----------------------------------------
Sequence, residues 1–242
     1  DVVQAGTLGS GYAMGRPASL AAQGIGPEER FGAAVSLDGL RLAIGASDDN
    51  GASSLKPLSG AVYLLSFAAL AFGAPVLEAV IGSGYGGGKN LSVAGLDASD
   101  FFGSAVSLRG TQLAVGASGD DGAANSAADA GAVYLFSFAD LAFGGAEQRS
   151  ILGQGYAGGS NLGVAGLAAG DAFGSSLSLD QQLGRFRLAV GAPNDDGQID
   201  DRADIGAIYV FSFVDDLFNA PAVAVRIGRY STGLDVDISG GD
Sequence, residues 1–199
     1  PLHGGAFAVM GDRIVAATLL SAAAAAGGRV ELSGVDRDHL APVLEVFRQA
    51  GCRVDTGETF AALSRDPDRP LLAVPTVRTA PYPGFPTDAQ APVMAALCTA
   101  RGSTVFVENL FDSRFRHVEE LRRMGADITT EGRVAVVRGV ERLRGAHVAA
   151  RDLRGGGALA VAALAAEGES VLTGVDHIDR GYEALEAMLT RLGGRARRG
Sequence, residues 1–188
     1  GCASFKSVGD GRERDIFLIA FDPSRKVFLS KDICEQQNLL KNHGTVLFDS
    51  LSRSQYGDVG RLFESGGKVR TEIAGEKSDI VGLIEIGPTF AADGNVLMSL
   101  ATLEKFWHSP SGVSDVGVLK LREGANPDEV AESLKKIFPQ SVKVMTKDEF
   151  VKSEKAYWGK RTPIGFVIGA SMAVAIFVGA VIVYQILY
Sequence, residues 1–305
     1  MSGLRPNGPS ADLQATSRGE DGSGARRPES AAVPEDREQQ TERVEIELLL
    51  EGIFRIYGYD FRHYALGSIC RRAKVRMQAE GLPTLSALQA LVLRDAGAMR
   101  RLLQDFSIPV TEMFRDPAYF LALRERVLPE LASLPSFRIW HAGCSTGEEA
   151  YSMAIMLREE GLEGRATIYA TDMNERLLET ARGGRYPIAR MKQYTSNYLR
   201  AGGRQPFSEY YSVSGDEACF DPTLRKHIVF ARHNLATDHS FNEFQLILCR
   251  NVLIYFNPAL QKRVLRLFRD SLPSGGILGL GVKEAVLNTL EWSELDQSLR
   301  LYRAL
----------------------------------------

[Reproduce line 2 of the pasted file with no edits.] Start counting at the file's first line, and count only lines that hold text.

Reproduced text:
     1  DVVQAGTLGS GYAMGRPASL AAQGIGPEER FGAAVSLDGL RLAIGASDDN